These ceramics are also the outcome of humans ‘doing it’, but they are less forbidding than the towers and letterings in some of the paintings. They seem created rather than assembled and have more sympathetic meaning. If their presence on a stony beach indicates a life’s work consummated it is an ending of a king’ but it is less scary than Sea Rising and allows for some allusion to the rural environment where the artist presently lives.
The ceramics are influenced by a recent working sojourn at Barry Brickell’s Driving Creek Pottery. Their hand-cast forms suggest a less destructive aspect of our creative ego, and the environment the triptych provides for them is still within the scale of our experience. If we are doomed, this work seems to suggest it’s better to die as artisans in a landscape than as climate refugees watching the order of nature turning into a mechanical tsunami devouring all before it. That landscape is still dominated by the ‘I AM’ behind the ceramics, but the letterings take second place behind the earthly poetry of the foreground forms.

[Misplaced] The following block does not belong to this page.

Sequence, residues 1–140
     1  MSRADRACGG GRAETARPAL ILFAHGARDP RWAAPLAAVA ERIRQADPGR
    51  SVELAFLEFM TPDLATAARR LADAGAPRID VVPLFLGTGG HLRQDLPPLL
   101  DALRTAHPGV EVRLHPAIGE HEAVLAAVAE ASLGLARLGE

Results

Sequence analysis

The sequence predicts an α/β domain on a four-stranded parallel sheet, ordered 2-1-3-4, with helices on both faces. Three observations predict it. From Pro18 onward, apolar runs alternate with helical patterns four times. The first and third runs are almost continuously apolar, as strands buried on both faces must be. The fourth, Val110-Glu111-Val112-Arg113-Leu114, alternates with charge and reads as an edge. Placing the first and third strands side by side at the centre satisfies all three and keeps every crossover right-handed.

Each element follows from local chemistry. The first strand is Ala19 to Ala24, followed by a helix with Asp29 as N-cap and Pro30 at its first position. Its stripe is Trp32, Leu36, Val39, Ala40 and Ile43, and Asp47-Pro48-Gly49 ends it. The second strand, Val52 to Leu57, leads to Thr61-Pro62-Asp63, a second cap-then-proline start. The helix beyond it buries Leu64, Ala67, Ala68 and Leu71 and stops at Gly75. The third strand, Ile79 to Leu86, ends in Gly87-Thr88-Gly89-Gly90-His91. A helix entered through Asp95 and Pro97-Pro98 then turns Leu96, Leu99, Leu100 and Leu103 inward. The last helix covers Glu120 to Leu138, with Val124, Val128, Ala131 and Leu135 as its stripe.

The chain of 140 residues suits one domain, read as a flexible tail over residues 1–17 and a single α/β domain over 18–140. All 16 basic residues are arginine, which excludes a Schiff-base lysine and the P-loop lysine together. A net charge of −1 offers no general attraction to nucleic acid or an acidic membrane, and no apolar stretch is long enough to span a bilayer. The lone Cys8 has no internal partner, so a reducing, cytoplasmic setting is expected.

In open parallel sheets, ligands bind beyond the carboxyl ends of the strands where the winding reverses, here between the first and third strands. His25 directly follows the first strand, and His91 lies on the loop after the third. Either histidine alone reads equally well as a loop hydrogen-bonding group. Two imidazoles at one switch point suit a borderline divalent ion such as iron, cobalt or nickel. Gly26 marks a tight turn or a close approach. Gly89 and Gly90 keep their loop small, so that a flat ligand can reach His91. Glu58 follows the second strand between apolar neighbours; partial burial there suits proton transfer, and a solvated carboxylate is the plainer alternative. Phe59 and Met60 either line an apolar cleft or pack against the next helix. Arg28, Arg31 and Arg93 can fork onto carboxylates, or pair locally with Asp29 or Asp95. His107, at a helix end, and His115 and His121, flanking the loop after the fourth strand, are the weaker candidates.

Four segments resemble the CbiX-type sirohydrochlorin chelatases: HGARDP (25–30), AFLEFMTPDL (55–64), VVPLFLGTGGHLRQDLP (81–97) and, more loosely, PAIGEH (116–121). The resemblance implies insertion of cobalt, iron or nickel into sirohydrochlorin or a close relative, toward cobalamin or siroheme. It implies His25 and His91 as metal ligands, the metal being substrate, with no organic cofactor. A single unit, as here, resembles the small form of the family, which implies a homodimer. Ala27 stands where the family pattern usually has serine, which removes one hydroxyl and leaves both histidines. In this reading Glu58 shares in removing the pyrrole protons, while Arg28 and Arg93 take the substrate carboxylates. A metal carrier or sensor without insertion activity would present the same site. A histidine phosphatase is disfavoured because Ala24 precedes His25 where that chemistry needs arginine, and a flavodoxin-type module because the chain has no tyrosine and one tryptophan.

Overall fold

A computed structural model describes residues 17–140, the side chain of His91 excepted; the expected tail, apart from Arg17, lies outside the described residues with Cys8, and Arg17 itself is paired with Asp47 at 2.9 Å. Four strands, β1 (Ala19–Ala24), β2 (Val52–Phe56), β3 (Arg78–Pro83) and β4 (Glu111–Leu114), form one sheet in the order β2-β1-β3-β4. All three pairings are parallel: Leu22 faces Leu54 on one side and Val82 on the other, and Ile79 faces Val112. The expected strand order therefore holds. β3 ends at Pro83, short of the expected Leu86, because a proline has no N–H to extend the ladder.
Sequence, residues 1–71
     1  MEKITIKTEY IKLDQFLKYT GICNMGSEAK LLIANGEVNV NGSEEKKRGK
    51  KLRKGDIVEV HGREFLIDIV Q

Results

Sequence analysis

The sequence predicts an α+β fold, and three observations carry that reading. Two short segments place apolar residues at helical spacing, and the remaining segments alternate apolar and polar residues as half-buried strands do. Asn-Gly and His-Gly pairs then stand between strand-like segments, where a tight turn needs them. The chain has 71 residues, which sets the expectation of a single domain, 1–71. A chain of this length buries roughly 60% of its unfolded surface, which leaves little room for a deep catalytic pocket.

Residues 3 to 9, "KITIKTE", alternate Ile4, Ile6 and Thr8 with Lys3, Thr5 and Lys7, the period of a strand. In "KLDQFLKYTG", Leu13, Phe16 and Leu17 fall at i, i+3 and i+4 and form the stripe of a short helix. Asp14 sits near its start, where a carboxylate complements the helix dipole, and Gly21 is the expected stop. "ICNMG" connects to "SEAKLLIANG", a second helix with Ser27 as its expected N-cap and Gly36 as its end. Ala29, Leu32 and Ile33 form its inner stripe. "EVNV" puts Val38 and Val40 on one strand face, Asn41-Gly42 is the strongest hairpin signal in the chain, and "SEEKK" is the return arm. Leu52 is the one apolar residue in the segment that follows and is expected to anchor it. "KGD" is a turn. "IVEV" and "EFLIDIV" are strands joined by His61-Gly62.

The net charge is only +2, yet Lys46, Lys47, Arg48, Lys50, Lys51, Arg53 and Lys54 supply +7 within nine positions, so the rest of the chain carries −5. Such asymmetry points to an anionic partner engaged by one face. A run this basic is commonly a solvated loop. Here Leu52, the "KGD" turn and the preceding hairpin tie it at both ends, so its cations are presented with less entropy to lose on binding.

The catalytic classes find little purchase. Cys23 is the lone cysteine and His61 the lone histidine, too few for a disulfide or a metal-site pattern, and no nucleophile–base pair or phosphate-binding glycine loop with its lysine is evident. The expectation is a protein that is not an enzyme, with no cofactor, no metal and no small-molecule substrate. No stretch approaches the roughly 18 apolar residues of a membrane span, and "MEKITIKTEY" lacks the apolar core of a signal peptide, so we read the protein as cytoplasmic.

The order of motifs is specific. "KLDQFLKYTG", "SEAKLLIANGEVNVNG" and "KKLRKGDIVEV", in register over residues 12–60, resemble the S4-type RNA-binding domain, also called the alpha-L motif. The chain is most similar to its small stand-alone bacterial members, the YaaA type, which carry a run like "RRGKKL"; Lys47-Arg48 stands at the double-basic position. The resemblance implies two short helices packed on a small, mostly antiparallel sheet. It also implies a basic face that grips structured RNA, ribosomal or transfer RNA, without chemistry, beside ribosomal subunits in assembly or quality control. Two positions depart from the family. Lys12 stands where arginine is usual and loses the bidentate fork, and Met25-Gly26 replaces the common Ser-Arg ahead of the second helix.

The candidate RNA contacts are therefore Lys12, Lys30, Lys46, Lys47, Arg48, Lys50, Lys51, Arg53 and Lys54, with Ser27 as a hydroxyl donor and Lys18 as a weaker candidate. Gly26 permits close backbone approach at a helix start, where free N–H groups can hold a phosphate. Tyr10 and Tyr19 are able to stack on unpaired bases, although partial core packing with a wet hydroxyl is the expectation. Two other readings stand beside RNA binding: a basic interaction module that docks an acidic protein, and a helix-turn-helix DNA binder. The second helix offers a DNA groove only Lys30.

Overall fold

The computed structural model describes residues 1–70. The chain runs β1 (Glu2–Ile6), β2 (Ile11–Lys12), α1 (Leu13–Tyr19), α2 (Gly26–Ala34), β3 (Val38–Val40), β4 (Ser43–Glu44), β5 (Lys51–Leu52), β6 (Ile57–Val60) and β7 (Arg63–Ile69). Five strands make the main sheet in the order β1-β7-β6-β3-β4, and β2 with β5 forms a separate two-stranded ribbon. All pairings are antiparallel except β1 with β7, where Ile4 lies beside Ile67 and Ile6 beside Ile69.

The title painting, Will to Meaning, is virtually monochromatic. In this it resembles Tower for Oceans, Native Timber and Sea Rising. They all share dark backgrounds and grey/white constructivist elements. Earth-colourings are barely present. Will to Meaning is also the most abstract of the works. In its dark ground a complex construction floats, held together by geometrically drawn lines of force. Fragments float off this main structure, as if in a space without gravity. The components of the construction are approaching the neutral forms used by Mondrian or Malevich. Such shapes are not of the world. They are a system of Platonic proto-types that have yet to put on the flesh of the world. Brown’s intentions with this painting however are not the same as these pioneers of abstraction. Mondrian aimed to divest his paint of any reference to the visible and physical environment. Brown is showing us rather just how much we have created and alter-ego of mechanical abstractions. These are not Platonic ideas embodying absolutes or purity: they are just objects machined by technology.